And while Devicescape isn’t emphasizing this, the company told me in a briefing a few days ago that they had unearthed the business-grade Wi-Fi authentication client software in the iPhone OS that’s also found in Mac OS X. This client – an 802.1X supplicant, if you must know the technical name – would let iPhone users connect to Wi-Fi networks that don’t use a gateway page or simple static shared encryption keys. 802.1X allows a device to connect to a Wi-Fi network with a user name and password (among other kinds of credentials), and then the network system assigns a unique encryption key to that user. It’s the only safe approach for larger networks, and is used widely. Connect could provide a tool for corporate users to connect their
iPhones securely to their work networks, too – not just to hotspots – if Devicescape opts to enable that feature.
Installation and Set Up — The Nullriver installer makes it a breeze to install Connect. You download the AppTapp installer software and launch it on a computer to which your iPhone is connected and iTunes is not launched. (Turn off automatic syncing in iTunes, too, as if it launches while AppTapp is working its magic, you could have a botched install.) AppTapp downloads the 90 MB or so restore firmware file from Apple, patches it, and updates the iPhone. (The usual provisos apply: Not supported by Apple. Could turn your iPhone into a brick. The next firmware update could break AppTapp or Connect. And so on.)
After the iPhone reboots, you have a new Installer application on the home screen. Tap it, and you can select Connect from a list of applications to install. Install Connect, and it appears on the home screen. Connect has been included in a small list of preferred applications by Nullriver.
When you first launch Connect, it provides you with a code that you must enter at the My Devicescape Web site in the account you set up. This code uniquely identifies your iPhone. The copy of Connect running on your iPhone can communicate with the Devicescape servers after you enter the code over either a Wi-Fi network you’re already connected to or AT&T’s EDGE servers.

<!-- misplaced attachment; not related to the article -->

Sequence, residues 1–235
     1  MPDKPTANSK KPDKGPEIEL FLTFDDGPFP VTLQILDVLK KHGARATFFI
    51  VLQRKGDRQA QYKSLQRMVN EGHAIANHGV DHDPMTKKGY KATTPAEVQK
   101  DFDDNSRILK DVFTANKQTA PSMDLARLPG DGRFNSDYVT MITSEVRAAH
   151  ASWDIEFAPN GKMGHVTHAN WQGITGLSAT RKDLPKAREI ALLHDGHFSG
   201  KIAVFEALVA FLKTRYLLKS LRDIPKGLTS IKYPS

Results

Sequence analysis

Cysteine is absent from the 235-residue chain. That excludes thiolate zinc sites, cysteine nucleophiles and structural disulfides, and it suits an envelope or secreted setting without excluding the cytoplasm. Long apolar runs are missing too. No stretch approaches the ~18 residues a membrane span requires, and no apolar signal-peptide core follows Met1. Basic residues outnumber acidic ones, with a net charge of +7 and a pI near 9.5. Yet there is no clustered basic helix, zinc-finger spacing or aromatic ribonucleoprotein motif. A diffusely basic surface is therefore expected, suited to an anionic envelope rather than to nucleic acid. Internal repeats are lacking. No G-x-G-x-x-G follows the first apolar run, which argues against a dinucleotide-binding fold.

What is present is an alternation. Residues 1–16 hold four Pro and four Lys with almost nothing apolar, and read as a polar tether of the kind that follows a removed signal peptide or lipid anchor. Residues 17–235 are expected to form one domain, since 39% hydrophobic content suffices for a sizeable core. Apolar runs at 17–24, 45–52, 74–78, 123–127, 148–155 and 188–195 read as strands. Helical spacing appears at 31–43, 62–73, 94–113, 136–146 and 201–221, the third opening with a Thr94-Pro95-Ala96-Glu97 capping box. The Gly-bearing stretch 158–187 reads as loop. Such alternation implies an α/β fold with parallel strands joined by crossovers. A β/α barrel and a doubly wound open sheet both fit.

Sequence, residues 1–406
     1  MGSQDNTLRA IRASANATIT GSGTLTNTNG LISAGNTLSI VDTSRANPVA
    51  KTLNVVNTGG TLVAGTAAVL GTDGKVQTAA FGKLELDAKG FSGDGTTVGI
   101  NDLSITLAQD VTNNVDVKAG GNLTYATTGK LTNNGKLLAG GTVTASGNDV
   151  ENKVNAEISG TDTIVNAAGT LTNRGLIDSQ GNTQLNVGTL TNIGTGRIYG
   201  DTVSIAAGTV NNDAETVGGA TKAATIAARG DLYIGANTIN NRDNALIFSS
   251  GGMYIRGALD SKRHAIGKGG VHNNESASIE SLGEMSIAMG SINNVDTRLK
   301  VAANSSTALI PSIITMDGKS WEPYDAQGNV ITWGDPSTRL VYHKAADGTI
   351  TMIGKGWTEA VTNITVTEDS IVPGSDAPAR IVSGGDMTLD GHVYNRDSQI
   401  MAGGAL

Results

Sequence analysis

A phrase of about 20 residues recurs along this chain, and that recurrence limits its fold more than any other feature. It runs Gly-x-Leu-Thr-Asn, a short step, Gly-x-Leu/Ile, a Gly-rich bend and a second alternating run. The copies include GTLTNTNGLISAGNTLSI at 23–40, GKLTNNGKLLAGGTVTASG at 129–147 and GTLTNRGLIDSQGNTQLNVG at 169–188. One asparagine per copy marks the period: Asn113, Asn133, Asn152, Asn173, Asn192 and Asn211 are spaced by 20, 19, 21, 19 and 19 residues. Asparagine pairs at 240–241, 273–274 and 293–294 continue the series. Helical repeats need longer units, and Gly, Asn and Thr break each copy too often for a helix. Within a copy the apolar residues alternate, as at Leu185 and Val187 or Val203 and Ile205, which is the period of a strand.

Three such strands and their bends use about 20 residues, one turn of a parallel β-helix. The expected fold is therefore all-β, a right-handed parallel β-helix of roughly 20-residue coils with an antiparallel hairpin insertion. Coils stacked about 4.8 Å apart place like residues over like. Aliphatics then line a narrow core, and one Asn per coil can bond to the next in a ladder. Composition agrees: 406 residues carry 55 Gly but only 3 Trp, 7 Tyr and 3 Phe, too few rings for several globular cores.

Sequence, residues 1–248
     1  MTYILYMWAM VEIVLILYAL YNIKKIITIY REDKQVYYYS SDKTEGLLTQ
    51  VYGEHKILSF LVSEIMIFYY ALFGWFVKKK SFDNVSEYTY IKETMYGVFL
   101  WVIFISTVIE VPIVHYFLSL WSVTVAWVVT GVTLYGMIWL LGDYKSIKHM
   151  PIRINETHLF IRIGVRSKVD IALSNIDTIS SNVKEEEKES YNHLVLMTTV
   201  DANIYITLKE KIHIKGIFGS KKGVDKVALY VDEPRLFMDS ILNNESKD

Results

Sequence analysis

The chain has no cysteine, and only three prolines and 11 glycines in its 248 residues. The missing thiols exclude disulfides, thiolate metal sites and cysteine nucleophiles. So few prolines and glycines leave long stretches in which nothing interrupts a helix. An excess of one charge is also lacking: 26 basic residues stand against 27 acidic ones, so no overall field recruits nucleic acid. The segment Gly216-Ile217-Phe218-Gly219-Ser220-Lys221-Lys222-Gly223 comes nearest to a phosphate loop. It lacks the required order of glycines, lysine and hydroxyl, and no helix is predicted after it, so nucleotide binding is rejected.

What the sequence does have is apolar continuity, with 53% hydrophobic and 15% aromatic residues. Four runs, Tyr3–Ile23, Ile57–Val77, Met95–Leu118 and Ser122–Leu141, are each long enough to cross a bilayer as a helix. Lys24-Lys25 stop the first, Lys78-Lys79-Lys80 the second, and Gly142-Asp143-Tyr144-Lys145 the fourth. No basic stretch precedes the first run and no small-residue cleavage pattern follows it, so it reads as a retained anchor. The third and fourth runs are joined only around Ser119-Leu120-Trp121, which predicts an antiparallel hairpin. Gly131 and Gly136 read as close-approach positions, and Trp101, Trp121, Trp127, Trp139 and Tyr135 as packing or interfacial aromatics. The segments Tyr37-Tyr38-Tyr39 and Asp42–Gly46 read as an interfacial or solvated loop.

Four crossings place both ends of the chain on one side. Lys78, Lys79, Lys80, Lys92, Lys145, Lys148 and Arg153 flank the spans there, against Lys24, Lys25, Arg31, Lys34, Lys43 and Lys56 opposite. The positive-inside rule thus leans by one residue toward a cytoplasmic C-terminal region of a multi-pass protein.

Best Networks — While you could cobble together free and paid logins at networks you frequent or expect to use, your best Connect-compatible deal is Boingo Wireless, a hotspot aggregator that resells access to tens of thousands of locations in the United States, including dozens of airports. Boingo charges $21.95 per month for unlimited U.S. access. Their worldwide footprint is 100,000 locations, for which they charge $39 per month for unlimited access. Both are month-by-month rates with no commitment or cancelation penalty.
In the United States, Boingo resells access to most major networks; T-Mobile HotSpot is the big exception. T-Mobile charges $20 to $40 per month for unlimited use at about 8,500 locations, with the price varying by whether you’re a T-Mobile voice subscriber and the duration of your contract. Devicescape supports T-Mobile, too.
While you can log into Boingo through a partner login in the Web gateway interface at nearly all the locations they support, that involves tedious data entry each time, instead of a single click with Connect. And some Boingo locations don’t have the partner login, but you won’t know which until you’re traveling.
Devicescape’s gap-filling software makes me hope that hotspots pile on and promote Connect as a simpler option to get online. It’s a benefit to Apple and AT&T to make the iPhone work with fewer interruptions and less friction – and the less we all use AT&T’s cellular EDGE network, the better that network performs. I hope Apple considers bundling Connect in a future release – or making Devicescape its first certified application developer.